Life is rough. That’s just a fact. Though many parents wish to protect their children from…everything, the fact is that everyone will face rough patches. The best thing a parent can do for their child is to help them build the resilience needed to weather those rough patches.
What is resilience and how can you help your child build it? Let’s find out!
What Is Resilience?
Resilience has to do with how you react to a situation. For example, say you are at a playground, watching kids run around and play. Two little boys run into each and both kids are a little banged up (let’s assume equally). One sits down and starts wailing, while the other jumps up, shakes it off, and keeps playing.
The second boy is more resilient than the first. Faced with the same negative situation, he was able to overcome it quickly and go back to playing.
Thus, resilience is important for overcoming the challenges of life. Resilient children will become resilient adults who will stress less with life events and be better at coming up with creative solutions.
How Does a Child Develop Resilience?
Obviously, you want your child to become more resilient, but how do you nurture this quality? Where does resilience come from?
Some people are born more resilient than others so your child’s personality will have an effect. However, the environment in which they grow up can also have a substantial effect.
Tips for Helping Children Build Resilience
You can’t control your child’s personality but you can control aspects of their environment. Creating the right environment will help them develop resilience.
1. Stable Relationship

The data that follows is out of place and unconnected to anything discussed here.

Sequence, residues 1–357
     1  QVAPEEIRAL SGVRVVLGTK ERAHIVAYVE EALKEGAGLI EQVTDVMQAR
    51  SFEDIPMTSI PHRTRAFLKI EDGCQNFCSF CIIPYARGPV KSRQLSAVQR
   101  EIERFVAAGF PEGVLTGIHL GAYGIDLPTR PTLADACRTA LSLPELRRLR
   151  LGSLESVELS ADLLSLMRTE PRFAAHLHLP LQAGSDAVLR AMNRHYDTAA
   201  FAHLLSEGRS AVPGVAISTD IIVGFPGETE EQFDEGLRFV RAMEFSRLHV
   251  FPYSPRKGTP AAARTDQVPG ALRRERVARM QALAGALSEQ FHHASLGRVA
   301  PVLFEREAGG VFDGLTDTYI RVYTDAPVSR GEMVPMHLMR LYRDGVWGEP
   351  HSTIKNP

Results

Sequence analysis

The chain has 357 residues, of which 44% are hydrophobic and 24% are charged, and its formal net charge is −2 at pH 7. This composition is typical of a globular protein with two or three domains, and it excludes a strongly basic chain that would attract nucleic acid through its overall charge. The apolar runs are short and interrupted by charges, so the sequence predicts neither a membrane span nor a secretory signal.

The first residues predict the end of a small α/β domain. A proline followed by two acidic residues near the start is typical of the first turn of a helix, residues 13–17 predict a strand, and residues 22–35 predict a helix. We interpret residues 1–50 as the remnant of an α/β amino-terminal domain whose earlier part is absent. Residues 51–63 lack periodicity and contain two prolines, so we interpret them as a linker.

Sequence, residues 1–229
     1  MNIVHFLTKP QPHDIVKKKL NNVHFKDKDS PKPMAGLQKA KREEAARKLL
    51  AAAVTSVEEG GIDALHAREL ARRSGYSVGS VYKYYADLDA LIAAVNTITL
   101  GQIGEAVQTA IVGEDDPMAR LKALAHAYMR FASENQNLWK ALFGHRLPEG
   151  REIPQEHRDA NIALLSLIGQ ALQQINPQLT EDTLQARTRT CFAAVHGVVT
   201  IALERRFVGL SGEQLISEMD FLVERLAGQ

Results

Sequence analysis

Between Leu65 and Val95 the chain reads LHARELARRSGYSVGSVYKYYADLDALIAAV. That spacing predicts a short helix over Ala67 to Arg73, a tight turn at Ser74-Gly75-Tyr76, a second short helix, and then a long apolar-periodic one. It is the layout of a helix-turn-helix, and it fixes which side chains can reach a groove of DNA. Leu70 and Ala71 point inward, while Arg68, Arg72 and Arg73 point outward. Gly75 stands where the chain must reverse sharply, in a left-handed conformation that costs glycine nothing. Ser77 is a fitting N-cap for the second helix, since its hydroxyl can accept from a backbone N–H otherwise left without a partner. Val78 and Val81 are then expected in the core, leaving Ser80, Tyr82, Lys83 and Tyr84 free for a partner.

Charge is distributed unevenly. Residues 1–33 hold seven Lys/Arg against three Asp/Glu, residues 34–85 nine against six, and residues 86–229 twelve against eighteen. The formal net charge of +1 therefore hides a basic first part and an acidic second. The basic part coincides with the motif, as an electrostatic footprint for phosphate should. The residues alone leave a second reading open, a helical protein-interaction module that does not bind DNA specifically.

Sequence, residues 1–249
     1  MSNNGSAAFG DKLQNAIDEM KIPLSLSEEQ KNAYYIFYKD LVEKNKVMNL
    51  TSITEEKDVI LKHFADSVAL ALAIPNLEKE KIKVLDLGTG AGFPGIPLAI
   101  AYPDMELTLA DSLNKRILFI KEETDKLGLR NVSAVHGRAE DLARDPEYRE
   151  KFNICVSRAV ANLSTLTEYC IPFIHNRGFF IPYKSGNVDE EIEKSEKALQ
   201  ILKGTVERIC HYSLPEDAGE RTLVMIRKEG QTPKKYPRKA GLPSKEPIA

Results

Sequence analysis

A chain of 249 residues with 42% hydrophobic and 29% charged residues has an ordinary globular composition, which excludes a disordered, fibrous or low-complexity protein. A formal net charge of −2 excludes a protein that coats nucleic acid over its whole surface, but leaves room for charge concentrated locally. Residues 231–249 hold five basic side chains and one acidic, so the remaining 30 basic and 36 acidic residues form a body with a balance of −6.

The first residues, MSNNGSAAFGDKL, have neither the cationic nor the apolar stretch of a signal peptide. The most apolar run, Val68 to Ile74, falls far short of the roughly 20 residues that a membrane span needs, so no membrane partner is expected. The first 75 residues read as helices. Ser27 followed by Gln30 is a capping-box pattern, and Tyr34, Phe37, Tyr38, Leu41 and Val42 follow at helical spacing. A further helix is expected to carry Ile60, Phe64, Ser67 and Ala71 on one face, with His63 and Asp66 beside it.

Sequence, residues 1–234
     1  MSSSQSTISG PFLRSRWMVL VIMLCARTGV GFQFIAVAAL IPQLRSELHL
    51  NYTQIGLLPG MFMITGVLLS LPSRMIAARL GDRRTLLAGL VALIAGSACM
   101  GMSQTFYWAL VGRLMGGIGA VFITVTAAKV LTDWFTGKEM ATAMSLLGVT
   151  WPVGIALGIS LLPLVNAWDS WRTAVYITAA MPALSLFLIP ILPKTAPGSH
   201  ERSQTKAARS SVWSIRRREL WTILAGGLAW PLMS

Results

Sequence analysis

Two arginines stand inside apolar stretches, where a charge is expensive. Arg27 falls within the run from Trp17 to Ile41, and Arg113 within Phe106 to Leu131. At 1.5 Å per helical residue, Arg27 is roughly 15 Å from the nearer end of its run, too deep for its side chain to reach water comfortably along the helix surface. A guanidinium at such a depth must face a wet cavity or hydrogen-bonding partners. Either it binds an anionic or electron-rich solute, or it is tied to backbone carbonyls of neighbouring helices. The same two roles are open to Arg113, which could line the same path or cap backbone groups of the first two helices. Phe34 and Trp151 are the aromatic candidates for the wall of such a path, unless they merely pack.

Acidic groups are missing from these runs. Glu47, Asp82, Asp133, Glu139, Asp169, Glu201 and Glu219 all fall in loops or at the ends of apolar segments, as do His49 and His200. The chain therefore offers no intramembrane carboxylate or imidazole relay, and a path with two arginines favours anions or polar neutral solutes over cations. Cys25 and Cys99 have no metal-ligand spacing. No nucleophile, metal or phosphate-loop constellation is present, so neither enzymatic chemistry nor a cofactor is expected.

The most important factor for building resilience in children is a stable relationship with at least one adult. Life can throw all sorts of things at a child, but if they have at least one parent or caregiver to cling to, they will bounce back easier.
Encourage your child to be independent. Even simple things like putting on their own shoes or choosing their own clothes greatly affect a child’s mental health for the better.
3. Faith or Cultural Traditions
Being a part of something bigger than ourselves also helps to foster resilience. Kids that grow up as part of a church or community with strong cultural traditions tend to be more resilient.
4. Develop Problem-Solving Skills
You can start the process when your child is a baby. Toymakers build lots of games and toys designed to force kids to come up with solutions to problems.
For example, a simple one is a box with different shapes cut out. The child has to choose which one will fit through which hole from blocks made in the same shapes.
It seems really simple to us but makes a world of difference in developing brains.
Watch Your Child Grow Happy and Strong
Though your first instinct may be to protect your child from negative events, a little hardship in childhood is actually a good thing. Every little event they overcome now will help them overcome bigger events later on.